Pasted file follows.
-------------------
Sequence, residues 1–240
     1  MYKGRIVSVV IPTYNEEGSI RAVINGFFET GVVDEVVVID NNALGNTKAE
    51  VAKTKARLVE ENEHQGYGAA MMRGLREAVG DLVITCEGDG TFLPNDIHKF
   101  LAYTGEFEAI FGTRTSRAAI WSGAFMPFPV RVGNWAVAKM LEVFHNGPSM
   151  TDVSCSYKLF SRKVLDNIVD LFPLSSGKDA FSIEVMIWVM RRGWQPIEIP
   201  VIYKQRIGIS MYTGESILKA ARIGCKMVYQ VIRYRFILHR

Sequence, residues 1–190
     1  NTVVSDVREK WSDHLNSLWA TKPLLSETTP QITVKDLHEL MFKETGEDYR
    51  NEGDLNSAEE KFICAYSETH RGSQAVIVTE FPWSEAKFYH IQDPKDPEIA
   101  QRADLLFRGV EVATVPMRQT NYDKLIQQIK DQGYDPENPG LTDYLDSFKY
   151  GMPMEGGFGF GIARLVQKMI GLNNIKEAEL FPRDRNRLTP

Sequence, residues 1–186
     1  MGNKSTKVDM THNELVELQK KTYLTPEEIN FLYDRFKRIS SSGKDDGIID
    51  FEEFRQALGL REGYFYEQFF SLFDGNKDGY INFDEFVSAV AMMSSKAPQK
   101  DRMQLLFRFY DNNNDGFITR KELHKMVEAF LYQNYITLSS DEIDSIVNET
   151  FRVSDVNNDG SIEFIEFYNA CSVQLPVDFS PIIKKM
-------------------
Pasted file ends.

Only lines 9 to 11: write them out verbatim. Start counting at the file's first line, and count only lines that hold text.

    51  NEGDLNSAEE KFICAYSETH RGSQAVIVTE FPWSEAKFYH IQDPKDPEIA
   101  QRADLLFRGV EVATVPMRQT NYDKLIQQIK DQGYDPENPG LTDYLDSFKY
   151  GMPMEGGFGF GIARLVQKMI GLNNIKEAEL FPRDRNRLTP